UTR044 | CD / LP | 9 tracks, 31 mins | November 2010 | Buy
'Spen Beck' is a marathon sprinted. Eight songs in thirty minutes that cover an enthusiastic amount of ground. Opening with "Four Principles of Public Speaking", the album leaps for life among the tumbling rhythms, racing keyboard and robust bass lines.
"Stellar's Sea Cow" swells with harmonious vocals, oscillator wobble and glitter shuffle relentlessness, drawing on themes of fate and extinction to put its point across. A similar persistent stomp is felt through the album's glorious epic "Untitles" in which Lawrence sings "This ravine is only four feet long but you know that it's a drop that you can't comprehend, you're going to land on your body!". We all end in archaeology and risks are there to be taken.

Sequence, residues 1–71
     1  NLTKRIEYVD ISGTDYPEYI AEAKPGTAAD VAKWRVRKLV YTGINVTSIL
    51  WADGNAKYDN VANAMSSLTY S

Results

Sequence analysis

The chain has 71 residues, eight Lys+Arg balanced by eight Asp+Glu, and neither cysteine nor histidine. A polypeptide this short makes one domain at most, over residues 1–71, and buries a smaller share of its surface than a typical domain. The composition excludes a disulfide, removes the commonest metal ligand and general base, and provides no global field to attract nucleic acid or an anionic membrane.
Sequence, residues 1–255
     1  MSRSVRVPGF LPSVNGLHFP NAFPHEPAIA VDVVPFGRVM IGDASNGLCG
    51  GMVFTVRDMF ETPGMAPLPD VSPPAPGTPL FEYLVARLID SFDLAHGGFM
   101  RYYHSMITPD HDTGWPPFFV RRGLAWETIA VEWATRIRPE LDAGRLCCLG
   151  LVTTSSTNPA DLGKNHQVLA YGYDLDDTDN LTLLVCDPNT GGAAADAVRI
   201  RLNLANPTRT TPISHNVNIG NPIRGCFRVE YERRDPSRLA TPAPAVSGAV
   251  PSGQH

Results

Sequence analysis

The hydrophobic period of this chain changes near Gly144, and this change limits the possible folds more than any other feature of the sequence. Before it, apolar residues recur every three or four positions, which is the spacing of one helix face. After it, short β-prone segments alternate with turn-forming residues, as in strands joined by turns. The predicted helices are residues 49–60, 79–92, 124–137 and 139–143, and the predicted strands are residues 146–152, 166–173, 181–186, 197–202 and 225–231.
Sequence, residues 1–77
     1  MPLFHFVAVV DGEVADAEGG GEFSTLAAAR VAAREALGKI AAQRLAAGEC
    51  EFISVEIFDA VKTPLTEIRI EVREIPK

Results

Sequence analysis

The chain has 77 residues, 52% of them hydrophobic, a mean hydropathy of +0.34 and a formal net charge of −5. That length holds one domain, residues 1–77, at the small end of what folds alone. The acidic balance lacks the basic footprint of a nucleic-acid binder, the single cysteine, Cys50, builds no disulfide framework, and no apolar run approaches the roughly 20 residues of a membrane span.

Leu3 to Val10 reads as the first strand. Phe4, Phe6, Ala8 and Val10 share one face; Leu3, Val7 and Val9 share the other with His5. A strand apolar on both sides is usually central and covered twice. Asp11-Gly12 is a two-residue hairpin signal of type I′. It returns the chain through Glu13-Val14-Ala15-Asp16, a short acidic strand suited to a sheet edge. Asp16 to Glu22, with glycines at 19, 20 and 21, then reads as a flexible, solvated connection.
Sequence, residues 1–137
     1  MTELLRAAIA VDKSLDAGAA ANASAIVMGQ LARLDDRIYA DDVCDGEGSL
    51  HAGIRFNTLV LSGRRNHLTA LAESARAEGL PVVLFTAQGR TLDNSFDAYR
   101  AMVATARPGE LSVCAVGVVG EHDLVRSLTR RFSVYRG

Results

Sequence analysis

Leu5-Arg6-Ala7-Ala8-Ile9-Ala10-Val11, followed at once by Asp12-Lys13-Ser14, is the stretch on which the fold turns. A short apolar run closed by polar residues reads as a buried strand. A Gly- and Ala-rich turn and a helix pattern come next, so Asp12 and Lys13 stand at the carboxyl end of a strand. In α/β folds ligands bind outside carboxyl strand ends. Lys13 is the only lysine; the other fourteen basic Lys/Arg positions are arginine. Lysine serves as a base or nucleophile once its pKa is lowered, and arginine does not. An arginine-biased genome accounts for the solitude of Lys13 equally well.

Whether it's the death defying wonked-out guitar solo in "A Decree" or the morse code stammer of "New Durzi", this album finds inspiration in the abandonment of reason, in the ruins of "North Tripoli", in its interpretation of the present when it's passed into the past.
It's fitting then that 'Spen Beck' closes with the "National Anthem of Cleckhuddersfax" - taking us back to West Yorkshire via Lebanon, its spirit of adventure undiminished by the weight of reflection. With this album Cleckhudderfax have written their names in the prehistoric slime of our origins and what they do next only tomorrow will unearth.